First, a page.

By Mary O’KEEFE
he American Legion Post 288 is in the midst of a facelift – a much needed facelift.
For years the building has been struggling with plumbing issues, outdated appliances and carpet that defied cleaning, but all of that is changing thanks to Home Depot.
“Home Depot has a core value of giving back,” said Chuck Messig, community captain for District 26 at Home Depot.
In 2011, Home Depot committed $80 million specifically for veterans organizations. The grant values vary.
“The [average] value of a grant is $15,000. In this case, [Post 288] got so lucky. We were granted $20,000 in a materials grant, ” Messig said.
The grant provided materials like kitchen and bathroom appliances and carpeting. The labor for all of this comes from the American Legion and Veterans of Foreign Wars Post 1614 that share the building, community members and volunteers from Home Depot.
“Our volunteers do everything but kitchen cabinets and counter tops and doors. For those, we partner with our service providers,” Messig said.
Those partners are paid for by the grant.
The idea for this project came from Susanne Dunwell, former senior field representative for Assemblymember Mike Gatto.
Dunwell, who recently retired, returned to the American Legion on Friday to kick off the remodeling project at the American Legion.
“I had worked with [American Legion] veterans when we did the Two Strike Park memorial,” she said.
Although there was a memorial wall at Two Strike Park, over the years it had become tattered and there was a very limited amount of space for names of those who had served. Members of the American Legion and VFW, along with community members and organizations, raised funds to replace the memorial with one that could contain names of all Crescenta Valley military personnel that had made the ultimate sacrifice for their country. During this time, Home Depot had been contacted by Gatto’s office and a grant of $5,000 was donated to the project.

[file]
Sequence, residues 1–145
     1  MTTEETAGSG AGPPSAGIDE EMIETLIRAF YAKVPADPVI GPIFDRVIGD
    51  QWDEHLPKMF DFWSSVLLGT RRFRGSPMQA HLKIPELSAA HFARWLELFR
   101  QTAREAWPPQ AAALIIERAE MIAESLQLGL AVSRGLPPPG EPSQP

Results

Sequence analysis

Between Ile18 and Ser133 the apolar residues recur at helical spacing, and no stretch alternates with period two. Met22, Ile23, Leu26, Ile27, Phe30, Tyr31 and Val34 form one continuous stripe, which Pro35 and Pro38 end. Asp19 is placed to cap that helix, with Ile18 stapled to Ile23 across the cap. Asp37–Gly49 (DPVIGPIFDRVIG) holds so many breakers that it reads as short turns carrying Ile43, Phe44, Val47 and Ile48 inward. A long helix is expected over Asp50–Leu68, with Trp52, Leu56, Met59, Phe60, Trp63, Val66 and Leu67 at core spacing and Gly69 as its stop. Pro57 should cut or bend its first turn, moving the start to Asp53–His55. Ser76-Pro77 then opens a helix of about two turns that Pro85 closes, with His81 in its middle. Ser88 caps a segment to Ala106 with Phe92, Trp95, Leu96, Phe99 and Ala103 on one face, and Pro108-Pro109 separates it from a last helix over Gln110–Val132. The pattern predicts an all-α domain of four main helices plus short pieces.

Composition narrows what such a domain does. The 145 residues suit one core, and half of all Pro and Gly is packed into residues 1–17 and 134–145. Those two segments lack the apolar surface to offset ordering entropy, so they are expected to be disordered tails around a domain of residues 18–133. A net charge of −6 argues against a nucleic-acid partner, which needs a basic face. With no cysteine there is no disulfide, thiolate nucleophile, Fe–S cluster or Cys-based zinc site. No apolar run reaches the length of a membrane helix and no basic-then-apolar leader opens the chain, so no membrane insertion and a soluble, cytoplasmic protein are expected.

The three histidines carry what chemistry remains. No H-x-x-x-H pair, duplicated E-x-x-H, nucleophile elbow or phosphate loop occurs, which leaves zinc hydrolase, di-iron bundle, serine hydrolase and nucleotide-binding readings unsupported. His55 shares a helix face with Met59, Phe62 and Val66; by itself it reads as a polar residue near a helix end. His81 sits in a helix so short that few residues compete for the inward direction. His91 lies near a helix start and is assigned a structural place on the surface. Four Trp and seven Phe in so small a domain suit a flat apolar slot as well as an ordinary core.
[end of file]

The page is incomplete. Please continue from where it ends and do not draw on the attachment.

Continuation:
“I saw how focused the veterans were on the memorial and how much time they [donated] to the [project], ignoring there own [Post] needs, ” Dunwell said.
She approached Shari Caraway, program manager of the Home Depot foundation western division.
“Shari was the hero in this,” Dunwell said. “I talked to the veterans, asked them to put a list together of everything they needed and I submitted it to Home Depot.”
Shari approved the grant.
Dunwell said this goes beyond just a gift for the veterans; it is a gift for the community.
“If you think about it, this is more than just about the veterans. They have families, they live in our community,” he said.
After the remodel, the American Legion lodge will be a place that local individuals, veterans and non-veterans, as well as organizations, can rent. It is a win-win for the community and the veterans, Messig said.
The veterans and members of the community came out in force to help with the remodel. Messig was impressed with the community support.
“We are so proud to be part of a community that shares our core values,” he added.